Post-90s consumers of China - those born between 1990 and 1999 - are digital natives.
They are confident and optimistic about their country's and their own future, according to a survey by McKinsey on Chinese consumers.
They are largely non-savers and more willing to spend on themselves than their parents, who grew up in a less prosperous era. But these post-90s consumers are not a homogeneous group. McKinsey divided them into five distinct segments:
Born after 1995 and mainly students, they make up 39 per cent of the post-90s generation. They define success in terms of their own happiness rather than material possessions. They value quality and will do research before shelling out their hard-earned money for things. They are more environmentally conscious, with 53 per cent saying they would pay a premium for an environmentally friendly product compared with 46 per cent of all respondents.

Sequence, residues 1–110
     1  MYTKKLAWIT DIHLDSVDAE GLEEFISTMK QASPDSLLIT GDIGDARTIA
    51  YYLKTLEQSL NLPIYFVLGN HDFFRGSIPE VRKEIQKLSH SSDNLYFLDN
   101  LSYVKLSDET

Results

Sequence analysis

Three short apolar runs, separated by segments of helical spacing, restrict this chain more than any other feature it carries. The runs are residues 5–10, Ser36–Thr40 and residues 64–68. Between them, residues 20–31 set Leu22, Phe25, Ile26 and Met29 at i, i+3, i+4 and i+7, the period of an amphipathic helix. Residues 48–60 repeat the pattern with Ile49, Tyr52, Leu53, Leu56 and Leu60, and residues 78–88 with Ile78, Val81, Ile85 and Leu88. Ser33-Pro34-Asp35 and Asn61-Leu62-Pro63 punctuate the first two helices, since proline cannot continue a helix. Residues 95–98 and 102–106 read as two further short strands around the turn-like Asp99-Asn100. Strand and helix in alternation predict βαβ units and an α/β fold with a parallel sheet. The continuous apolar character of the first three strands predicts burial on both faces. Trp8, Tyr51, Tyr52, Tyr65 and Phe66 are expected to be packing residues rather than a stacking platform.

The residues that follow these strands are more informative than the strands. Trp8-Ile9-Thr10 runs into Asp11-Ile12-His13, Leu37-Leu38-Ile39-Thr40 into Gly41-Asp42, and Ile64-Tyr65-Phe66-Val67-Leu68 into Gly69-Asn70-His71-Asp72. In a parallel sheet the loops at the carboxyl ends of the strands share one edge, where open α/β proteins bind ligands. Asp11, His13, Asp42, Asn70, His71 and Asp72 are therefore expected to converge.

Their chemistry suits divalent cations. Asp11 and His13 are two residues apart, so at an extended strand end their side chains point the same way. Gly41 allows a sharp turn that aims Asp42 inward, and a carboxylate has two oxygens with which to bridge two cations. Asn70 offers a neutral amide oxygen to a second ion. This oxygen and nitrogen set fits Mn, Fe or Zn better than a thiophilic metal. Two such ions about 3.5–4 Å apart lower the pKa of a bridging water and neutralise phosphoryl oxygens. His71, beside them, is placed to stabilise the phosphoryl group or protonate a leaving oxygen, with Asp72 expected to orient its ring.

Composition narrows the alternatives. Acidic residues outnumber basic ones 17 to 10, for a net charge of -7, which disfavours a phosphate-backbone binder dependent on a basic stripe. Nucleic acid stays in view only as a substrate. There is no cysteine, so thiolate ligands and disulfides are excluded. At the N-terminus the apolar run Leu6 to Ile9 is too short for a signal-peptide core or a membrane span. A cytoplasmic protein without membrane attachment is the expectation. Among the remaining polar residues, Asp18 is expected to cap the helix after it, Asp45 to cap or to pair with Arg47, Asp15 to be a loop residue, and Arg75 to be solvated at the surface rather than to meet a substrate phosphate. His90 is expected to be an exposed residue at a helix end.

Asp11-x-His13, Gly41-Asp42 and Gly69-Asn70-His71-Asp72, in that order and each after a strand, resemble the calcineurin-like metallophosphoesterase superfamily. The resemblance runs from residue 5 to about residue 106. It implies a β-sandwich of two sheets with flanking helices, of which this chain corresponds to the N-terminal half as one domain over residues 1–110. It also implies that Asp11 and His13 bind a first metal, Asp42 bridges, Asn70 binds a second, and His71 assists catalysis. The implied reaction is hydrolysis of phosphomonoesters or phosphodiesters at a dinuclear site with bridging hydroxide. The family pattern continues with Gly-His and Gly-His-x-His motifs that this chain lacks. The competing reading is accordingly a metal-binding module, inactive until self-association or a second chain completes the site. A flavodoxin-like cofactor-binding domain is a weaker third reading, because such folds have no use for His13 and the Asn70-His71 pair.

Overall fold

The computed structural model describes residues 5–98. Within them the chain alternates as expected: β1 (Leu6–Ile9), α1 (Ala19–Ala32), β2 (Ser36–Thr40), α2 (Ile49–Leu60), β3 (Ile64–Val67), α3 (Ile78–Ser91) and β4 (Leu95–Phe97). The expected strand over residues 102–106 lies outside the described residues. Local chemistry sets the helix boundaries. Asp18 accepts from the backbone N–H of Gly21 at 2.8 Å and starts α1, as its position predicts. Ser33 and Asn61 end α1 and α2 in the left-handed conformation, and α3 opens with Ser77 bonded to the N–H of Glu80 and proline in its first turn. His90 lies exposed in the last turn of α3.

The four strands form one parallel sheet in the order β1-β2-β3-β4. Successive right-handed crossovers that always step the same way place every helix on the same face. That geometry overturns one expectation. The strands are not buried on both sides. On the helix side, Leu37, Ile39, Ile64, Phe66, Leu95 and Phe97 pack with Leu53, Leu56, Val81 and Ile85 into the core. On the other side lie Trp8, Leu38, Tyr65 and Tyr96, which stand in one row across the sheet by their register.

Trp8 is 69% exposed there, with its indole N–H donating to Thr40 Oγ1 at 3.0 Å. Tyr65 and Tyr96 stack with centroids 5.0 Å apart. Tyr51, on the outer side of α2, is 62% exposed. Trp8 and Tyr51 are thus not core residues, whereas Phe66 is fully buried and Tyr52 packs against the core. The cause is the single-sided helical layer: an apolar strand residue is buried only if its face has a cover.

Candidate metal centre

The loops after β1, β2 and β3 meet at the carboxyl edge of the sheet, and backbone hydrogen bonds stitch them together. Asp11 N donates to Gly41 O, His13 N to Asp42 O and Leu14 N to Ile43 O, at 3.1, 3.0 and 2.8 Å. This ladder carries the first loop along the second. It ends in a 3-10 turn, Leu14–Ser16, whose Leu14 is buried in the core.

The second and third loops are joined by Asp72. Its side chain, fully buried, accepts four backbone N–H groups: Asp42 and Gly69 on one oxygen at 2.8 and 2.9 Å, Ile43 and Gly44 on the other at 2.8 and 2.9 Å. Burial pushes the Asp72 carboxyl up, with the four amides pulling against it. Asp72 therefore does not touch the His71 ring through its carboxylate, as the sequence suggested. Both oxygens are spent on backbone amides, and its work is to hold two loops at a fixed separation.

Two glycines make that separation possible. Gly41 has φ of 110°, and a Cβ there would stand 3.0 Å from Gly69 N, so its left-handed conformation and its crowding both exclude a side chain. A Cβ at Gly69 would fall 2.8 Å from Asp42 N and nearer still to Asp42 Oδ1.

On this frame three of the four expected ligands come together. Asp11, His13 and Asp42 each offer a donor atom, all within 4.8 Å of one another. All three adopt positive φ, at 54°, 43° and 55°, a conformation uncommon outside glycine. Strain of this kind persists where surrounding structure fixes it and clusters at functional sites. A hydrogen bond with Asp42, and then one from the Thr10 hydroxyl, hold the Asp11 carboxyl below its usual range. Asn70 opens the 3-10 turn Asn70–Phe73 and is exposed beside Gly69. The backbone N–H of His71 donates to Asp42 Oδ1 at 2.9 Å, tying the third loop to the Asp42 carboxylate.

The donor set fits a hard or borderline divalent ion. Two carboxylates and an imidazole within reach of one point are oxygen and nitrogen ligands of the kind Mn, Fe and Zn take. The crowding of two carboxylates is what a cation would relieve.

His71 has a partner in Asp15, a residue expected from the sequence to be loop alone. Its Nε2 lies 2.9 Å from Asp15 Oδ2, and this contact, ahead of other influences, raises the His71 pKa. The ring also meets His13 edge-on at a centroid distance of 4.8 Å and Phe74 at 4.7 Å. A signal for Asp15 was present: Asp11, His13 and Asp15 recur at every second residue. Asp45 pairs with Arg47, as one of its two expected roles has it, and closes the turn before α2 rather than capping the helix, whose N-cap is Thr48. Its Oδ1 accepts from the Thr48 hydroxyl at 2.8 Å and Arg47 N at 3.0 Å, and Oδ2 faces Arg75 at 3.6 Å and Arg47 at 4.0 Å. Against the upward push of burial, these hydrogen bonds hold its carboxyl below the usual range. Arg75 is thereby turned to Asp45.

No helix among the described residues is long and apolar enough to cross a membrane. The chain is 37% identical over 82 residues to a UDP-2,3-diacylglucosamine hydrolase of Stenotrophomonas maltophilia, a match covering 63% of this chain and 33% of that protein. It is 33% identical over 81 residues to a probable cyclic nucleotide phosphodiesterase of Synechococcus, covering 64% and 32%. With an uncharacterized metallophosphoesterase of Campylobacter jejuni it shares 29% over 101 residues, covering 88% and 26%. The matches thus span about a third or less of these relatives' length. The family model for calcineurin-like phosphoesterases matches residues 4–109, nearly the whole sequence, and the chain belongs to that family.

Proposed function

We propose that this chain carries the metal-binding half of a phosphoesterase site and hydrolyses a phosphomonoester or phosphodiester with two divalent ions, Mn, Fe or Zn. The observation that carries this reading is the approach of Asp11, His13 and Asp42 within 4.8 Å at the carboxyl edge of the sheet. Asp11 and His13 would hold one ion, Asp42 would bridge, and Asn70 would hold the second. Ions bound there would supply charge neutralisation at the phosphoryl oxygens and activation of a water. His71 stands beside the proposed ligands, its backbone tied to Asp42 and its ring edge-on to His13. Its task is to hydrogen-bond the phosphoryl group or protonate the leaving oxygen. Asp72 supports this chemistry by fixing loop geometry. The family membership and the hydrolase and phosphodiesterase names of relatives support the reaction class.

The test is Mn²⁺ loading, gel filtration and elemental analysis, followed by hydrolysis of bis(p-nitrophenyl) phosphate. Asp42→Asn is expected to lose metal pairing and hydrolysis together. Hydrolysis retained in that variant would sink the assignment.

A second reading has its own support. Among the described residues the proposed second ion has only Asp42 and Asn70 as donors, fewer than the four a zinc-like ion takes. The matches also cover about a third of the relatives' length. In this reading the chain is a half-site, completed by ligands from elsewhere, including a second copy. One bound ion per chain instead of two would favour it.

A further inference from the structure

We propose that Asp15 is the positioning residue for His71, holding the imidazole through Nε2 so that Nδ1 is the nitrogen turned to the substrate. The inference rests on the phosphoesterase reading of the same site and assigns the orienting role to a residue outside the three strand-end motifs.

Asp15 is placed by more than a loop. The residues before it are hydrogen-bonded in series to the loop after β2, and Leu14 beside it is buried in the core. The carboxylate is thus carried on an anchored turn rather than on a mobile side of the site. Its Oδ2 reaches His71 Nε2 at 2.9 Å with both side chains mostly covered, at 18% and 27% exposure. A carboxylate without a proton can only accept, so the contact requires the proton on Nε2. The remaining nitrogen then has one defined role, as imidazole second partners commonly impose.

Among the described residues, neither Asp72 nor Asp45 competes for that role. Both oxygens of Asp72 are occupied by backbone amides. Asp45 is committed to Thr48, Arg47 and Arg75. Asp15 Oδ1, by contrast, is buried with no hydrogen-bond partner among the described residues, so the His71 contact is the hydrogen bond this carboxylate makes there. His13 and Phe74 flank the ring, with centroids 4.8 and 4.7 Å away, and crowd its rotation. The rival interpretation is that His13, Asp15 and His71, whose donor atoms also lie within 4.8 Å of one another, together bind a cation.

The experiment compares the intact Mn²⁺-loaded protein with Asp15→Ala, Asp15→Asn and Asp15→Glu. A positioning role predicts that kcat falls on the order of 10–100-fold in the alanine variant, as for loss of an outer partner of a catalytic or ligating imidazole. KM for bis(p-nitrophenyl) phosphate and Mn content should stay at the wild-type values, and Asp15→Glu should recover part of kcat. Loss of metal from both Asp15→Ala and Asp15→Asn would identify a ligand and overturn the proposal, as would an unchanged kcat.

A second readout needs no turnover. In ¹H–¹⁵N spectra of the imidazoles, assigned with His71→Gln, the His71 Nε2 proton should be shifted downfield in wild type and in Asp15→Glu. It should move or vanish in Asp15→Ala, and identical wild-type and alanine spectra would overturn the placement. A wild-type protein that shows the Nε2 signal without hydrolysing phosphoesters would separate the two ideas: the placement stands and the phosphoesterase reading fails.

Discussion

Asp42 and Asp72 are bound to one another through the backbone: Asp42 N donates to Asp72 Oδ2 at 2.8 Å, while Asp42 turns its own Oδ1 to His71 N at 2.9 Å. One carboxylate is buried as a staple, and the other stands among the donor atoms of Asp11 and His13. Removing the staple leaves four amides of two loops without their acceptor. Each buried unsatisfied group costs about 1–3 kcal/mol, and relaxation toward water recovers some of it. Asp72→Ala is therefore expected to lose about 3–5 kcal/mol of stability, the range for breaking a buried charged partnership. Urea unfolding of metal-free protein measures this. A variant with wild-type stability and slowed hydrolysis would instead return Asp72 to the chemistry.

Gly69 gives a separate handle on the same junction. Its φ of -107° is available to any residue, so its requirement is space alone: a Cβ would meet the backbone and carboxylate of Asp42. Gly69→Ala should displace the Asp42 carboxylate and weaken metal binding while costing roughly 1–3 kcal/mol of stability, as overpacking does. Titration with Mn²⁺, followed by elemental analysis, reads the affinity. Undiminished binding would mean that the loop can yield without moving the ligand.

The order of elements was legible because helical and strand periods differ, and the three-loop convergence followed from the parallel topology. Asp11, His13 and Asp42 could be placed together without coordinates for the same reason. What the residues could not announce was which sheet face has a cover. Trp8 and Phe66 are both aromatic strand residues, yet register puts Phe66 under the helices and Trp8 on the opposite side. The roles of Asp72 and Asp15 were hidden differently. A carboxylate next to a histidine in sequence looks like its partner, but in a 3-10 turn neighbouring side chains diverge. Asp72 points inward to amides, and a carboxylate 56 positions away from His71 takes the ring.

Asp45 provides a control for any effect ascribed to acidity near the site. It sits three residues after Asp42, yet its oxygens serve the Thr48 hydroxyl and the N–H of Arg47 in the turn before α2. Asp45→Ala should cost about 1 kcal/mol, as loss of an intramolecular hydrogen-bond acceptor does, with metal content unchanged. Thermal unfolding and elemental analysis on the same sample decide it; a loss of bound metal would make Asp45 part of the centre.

Well-educated and white-collar, they make up 27 per cent of the group. Sixty-four per cent of them consider success to be getting rich. They work hard and reward themselves for doing so by buying what they like whenever they like.
Making up 16 per cent of the cohort, they don't measure success by material wealth and have little interest in branded or high-tech goods. Instead, they are preoccupied with living better than others.
Making up 10 per cent of the cohort, their material needs are met by their parents when growing up. Well-educated high earners, they are most willing among the post-90s to spend on the latest fashions, top brands and leisure activities.
This is a low-income group making up 8 per cent of the cohort. They are predominantly female (68 per cent), live at home and are dependent on their parents, especially for big-ticket items. They are also gloomy in their outlook about their future and are most likely to save for a rainy day.